I had a great pregnancy all the way through until around six months, when I started to feel heavy and uncomfortable.
Everyone I saw including friends, family and colleagues commented on how swollen my feet were. I just put it down to water retention and thought it was normal.
It was at this point that I learnt: never ignore what your body is doing. If something is happening that you’re not sure of, don't diagnose yourself and assume it’s ok. Go and see your doctor or midwife straight away.
One day I was feeling really unwell and had awful neck pains. My feet were like balloons, to the point where I couldn't fit them into my shoes. My husband and I went to an out of hours doctor, and when he checked me over he was very surprised to see me in so much pain, and looked shocked at the state of my feet. He asked me to give a urine sample, which showed protein, took my blood pressure, which was sky high, and told me that I had a severe case of pre-eclampsia, and that I must go to the hospital straight away.
I’d never heard of the condition before and started to research it on our car journey to the hospital. I started crying and panicking, as I read that in extreme circumstances the safest thing to do is to deliver the baby. All sorts of feelings and emotions were going through my head.
When we got to the hospital the doctors spent a few hours trying to bring my blood pressure down, until they decided that the best option was to deliver the baby. At 33 weeks pregnant I couldn’t stop crying - it was far too early, would she be ok? I've never felt so scared in my life.
Isabella was born by emergency caesarean section and weighed 3lb 11oz. When I heard her cry for the first time I felt a huge wave of relief. I didn't get to hold her, but my husband brought her to see me. It was incredibly emotional, as you can imagine.
She was taken down to the neonatal unit and I couldn’t meet or hold her for 24 hours, which absolutely killed me. The first time I saw her and held her felt amazing, but she was so tiny and had so many wires plugged into her.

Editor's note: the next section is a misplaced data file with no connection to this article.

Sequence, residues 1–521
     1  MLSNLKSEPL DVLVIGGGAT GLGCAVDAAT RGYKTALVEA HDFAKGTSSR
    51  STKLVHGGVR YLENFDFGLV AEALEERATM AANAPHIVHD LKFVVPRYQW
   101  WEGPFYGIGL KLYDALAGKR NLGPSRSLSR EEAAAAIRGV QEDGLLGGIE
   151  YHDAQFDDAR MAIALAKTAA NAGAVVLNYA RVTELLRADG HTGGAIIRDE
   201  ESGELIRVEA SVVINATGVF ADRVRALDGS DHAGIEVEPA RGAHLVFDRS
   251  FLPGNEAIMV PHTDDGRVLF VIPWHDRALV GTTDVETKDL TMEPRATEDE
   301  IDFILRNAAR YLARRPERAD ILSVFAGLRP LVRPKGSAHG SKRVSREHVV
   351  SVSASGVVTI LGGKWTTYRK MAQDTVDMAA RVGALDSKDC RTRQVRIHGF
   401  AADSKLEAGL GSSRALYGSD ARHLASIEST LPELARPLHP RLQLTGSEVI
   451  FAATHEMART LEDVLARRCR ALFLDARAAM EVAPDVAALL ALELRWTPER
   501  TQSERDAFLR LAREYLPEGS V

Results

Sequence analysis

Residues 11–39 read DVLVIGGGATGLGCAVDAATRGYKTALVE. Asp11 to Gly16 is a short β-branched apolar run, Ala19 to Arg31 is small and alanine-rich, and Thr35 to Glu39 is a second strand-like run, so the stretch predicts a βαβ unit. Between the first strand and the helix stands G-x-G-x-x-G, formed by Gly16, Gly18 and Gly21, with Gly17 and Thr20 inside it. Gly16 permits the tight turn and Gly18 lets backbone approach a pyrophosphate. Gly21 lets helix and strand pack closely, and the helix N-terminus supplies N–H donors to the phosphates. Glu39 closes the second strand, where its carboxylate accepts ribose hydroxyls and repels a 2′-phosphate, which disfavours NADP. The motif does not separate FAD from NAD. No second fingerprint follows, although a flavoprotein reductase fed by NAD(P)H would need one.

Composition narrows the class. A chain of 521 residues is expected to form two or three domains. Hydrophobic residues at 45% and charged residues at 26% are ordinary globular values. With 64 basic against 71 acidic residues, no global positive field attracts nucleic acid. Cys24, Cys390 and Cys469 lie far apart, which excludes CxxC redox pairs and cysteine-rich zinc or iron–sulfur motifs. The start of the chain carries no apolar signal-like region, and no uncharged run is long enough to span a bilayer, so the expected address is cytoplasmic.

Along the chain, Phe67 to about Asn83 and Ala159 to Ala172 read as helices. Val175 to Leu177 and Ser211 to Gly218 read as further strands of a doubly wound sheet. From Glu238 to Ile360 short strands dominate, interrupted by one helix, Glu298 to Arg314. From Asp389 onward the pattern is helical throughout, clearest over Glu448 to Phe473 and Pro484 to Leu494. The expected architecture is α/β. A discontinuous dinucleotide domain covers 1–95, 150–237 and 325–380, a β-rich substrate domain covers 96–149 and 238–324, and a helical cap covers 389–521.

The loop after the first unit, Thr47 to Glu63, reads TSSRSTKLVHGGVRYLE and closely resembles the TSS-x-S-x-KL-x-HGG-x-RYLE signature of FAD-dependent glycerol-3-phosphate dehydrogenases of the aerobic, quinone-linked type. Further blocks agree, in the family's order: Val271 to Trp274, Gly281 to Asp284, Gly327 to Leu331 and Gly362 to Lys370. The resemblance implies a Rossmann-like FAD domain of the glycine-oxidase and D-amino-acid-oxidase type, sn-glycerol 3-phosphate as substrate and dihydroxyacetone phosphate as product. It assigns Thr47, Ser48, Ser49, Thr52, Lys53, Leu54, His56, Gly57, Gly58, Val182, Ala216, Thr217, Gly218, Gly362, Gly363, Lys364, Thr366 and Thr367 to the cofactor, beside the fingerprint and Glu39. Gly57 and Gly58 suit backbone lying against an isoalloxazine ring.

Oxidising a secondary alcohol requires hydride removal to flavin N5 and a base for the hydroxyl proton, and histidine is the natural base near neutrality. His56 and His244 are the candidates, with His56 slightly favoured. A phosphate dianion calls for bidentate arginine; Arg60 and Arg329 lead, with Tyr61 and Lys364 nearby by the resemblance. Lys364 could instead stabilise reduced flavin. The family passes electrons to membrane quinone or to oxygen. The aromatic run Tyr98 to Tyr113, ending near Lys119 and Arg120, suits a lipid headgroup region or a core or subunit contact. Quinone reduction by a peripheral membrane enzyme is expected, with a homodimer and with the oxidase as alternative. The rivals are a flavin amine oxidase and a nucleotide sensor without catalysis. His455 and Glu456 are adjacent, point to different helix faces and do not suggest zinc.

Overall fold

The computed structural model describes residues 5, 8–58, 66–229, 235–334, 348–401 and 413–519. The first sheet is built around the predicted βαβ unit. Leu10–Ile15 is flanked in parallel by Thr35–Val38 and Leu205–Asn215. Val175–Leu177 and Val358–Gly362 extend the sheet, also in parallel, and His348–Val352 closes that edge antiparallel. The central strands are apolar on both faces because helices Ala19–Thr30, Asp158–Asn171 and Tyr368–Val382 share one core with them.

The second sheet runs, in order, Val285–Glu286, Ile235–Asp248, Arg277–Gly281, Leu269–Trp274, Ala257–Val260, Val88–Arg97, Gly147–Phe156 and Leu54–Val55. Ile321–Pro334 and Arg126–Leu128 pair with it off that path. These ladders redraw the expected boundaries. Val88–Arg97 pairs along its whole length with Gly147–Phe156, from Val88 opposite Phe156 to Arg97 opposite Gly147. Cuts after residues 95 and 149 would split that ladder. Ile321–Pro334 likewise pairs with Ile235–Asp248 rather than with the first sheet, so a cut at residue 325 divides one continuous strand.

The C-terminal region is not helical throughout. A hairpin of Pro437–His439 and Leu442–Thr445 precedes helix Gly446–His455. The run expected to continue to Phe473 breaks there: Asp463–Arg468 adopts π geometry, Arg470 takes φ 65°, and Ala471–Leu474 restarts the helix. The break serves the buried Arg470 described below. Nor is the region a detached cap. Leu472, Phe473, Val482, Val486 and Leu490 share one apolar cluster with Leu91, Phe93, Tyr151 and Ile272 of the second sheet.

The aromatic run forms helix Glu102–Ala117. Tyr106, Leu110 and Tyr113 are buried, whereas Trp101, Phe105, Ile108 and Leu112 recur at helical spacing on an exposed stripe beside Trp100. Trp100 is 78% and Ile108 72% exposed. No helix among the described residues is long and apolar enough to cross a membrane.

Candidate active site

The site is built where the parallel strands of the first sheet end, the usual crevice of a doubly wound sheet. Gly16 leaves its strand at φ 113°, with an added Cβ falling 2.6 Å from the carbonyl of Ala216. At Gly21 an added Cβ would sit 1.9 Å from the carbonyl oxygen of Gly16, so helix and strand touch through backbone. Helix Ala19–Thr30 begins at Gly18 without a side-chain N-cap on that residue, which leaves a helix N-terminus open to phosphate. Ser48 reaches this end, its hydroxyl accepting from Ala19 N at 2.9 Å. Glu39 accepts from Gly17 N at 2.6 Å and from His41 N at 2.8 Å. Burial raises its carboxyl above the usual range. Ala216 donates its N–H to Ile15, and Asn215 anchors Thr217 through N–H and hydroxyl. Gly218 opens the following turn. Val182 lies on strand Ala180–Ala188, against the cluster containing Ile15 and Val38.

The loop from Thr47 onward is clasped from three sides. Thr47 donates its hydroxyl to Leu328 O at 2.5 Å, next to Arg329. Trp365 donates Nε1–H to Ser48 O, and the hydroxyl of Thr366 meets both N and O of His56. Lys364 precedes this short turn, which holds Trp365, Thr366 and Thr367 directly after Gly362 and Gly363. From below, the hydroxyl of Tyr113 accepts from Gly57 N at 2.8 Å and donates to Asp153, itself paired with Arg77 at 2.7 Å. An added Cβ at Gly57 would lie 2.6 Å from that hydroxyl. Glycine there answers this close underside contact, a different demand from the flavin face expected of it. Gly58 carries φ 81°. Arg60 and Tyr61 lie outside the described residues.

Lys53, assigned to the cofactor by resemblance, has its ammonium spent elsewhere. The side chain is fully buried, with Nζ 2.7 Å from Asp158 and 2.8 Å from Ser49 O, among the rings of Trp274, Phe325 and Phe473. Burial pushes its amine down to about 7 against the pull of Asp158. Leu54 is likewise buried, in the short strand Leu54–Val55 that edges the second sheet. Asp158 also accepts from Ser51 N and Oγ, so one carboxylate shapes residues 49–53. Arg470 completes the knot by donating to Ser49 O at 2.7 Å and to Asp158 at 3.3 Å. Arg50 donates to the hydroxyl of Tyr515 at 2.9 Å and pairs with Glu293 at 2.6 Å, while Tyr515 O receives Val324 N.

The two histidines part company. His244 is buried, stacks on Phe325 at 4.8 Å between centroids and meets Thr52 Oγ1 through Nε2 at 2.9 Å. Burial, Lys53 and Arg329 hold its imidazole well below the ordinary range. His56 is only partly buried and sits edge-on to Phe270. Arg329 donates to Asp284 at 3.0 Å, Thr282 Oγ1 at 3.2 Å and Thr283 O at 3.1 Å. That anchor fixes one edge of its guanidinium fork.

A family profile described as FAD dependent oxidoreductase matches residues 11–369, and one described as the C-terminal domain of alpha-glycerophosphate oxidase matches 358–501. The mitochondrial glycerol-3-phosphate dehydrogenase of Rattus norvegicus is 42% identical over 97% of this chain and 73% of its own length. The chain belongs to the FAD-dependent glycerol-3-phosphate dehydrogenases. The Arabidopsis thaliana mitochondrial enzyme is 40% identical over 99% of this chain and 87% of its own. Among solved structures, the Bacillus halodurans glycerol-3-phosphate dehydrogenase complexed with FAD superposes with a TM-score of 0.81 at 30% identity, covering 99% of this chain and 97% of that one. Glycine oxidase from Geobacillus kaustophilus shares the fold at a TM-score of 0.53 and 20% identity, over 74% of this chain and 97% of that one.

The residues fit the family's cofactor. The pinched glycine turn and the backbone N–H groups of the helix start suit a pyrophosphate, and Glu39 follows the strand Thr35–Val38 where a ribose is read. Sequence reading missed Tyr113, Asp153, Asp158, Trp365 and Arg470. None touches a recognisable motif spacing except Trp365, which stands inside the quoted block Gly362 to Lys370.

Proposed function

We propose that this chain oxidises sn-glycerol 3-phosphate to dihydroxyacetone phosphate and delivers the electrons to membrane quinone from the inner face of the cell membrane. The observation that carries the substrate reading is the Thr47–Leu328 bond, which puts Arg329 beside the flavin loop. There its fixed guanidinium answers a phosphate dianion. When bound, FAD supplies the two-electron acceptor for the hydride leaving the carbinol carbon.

Isabella was fairly ill and didn't feed for ten days. She had an infection, which had to be treated with antibiotics straight away, so she kept losing more weight every day. After her antibiotics they slowly started to introduce milk back into her body, which was the best feeling in the world, knowing it was helping her get bigger and stronger every day. It was the hardest time of our lives, as we sat staring at Isabella in her incubator all day, every day for three and a half weeks.
The day we walked in and found out we were being discharged was absolutely amazing, I couldn't stop crying with happiness and couldn't wait to bring our beautiful little girl home.
When you see how tiny they are, you think they’ll never look like a normal baby, but Isabella soon caught up and started feeding well. She arrived seven weeks early, but is now a happy, healthy six-and-a-half-month old. It seems like a lifetime when you are waiting in hospital, but you have to stay strong and know your baby is in the best possible hands. I can't thank the nurses and doctors enough for everything they did for Isabella and the way they were with us when we were at breaking point.
These miracles are little fighters, and will grow and develop to be stronger and more amazing each day.
If you have have been affected by any of the issues discussed in this blog post and would like support, please call our helpline on 0500 618 140 to speak to a qualified advisor.
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